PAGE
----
Action, not inaction
"Entrepreneurs who profile strongly in the Guts dimension are more at ease challenging the status quo, setting trends, and placing their reputation on the line. Their credo might well be: Action, not inaction, and not reaction.'
"If you're thinking, 'That is definitely not me,' pause for a second. Consider the times when you actually did put something at risk: your coursework as you pursued a dorm-room enterprise, your comfort zone as you moved to a
new city across the country for a new job, or your pride as you tried to chat up strangers who might not be as interested in you as you were in them. Many of you likely have started or joined a venture in which you hold deep passion – taking a risk and trading off against more conventional career paths. It turns out that those who follow Robert Frost's path less taken do tend to build stronger Guts. Just as green shoots might portend the tallest of trees, so do these actions reveal the potential to develop some serious Guts.'
"In our interview with Mehmet Oz, he reflected on the moments in the operating room when he has had to make go/no-go decisions. A heart transplant is not working, the EKG is flatlining, and applying a thumb's pressure to the heart can only slow the bleeding for so long. Now what? First, Oz stresses, you take an action, and take it quickly. Pondering options and alternatives does no one any good (particularly the patient). You can learn to live with taking an action that leads to a mistake far better than you can live with taking no action at all. Inaction almost always lead to failure, while making a decision promises at the very least the possibility of a positive outcome.'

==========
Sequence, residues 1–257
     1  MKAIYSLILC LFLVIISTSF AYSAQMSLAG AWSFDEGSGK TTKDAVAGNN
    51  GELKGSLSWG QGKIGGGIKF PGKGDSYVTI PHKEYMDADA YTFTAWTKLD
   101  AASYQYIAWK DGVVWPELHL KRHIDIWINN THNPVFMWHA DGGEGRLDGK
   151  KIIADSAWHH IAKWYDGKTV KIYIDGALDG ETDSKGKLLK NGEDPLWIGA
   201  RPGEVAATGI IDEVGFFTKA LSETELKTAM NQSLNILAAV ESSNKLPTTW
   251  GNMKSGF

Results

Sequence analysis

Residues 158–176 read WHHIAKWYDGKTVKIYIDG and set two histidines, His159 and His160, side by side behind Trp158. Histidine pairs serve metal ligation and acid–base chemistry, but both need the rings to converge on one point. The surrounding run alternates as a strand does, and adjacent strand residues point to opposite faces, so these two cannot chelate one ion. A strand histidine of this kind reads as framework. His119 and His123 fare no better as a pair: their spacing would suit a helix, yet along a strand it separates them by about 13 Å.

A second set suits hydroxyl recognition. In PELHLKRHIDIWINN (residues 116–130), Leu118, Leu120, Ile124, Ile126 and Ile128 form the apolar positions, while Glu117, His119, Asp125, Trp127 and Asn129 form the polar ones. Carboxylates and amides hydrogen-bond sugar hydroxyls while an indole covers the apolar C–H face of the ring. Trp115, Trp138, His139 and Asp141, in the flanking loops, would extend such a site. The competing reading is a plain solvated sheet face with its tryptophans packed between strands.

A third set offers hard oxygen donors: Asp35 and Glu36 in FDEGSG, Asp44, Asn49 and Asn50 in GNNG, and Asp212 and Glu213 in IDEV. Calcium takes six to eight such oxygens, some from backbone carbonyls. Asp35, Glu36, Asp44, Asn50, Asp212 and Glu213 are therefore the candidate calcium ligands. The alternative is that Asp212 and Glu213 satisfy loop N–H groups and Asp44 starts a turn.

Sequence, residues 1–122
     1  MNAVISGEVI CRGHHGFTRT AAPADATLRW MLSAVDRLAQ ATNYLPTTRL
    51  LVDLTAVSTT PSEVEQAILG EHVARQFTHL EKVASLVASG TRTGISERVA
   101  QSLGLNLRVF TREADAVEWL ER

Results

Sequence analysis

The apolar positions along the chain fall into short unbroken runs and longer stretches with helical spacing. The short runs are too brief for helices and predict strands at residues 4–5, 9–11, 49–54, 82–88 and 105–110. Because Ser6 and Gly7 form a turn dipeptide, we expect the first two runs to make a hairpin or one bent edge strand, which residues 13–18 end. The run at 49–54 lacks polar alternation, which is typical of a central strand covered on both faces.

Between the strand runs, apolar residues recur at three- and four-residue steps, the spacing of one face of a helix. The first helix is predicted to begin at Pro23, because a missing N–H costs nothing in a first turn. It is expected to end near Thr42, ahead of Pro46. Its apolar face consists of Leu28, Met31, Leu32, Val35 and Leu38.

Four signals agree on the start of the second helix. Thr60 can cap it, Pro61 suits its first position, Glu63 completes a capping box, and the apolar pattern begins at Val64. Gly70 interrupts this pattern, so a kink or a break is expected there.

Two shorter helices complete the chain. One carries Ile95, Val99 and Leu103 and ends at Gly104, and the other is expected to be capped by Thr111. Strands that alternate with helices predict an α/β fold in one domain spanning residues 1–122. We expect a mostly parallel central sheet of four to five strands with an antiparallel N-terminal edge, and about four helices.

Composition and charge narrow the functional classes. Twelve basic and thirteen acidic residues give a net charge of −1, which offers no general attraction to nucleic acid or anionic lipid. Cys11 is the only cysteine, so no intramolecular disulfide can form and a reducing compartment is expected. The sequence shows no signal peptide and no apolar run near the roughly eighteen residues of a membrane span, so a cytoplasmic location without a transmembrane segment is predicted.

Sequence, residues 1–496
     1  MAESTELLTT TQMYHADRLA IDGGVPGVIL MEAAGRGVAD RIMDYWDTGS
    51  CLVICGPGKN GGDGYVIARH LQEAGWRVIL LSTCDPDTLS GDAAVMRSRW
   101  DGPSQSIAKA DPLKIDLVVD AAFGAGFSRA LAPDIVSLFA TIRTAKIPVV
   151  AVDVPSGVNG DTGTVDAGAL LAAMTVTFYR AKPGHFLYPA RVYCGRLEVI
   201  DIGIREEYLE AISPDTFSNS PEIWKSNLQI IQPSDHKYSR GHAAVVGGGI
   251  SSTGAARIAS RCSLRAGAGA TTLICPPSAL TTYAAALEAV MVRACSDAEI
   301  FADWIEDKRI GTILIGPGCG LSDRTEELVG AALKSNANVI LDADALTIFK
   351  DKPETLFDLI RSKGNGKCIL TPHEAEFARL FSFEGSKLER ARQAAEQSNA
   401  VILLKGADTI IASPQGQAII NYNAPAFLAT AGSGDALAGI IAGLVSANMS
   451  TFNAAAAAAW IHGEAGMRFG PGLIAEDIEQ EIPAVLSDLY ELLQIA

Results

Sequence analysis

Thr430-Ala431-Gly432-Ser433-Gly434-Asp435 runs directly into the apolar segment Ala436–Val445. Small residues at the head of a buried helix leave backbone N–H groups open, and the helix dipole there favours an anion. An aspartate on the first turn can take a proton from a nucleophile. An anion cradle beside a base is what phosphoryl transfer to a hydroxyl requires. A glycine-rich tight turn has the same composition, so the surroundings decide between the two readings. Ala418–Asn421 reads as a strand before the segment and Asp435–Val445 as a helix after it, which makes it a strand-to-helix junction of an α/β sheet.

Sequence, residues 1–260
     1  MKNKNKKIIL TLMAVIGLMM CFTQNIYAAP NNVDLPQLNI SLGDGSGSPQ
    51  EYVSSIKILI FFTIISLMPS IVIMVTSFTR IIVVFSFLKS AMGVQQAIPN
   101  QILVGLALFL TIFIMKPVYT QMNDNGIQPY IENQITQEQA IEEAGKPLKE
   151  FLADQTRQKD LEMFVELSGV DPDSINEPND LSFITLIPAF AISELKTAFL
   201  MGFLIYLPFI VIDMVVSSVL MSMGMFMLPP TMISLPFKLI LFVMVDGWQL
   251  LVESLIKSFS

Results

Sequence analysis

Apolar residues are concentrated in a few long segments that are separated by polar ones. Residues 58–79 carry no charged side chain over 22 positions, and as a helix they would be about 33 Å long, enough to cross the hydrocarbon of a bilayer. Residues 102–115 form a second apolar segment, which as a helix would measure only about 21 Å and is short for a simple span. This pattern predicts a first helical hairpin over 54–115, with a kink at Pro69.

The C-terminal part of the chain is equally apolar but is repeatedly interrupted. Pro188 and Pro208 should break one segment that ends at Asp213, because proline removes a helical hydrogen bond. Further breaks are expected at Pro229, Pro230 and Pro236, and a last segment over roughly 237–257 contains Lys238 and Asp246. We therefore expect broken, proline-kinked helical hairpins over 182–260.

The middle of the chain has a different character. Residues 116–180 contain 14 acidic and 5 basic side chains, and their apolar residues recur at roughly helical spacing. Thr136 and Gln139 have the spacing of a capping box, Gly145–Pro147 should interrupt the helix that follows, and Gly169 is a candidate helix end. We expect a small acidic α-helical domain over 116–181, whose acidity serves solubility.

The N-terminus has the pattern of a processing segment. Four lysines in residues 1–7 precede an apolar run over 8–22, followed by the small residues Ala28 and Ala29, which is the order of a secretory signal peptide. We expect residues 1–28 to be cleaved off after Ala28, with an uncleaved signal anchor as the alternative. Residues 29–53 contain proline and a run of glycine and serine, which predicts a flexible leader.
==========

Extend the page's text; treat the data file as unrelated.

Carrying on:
"Thus, this foundation level of our Guts hierarchy framework, the Guts to Initiate, is the most common and essential trait of Guts-driven individuals. If you are Guts-dominant, you will always prioritise decision making over indecision. Even after considering worst-case scenarios, you will invariably decide it is worth jumping in.'
"The world is overweighted with idea generators and underweighted with people actually willing to execute their ideas. Even during the dot-com boom in the mid- to late 1990s, surprisingly few of those enrolled at top business schools across the country were launching new companies, given the large number who professed excitement for new ideas. By Tony's recollection, in 1998, two years before the dot-com peak, the number of
second-year students starting their own ventures came to less than ten in a class of about nine hundred." Harvard Business School
(pp. 78-9, 'Heart, Smarts, Guts, and Luck: What it takes to be an entrepreneur and build a great business' by Anthony K. Tjan, Richard J. Harrington, and Tsun-Yan Hsieh – Harvard)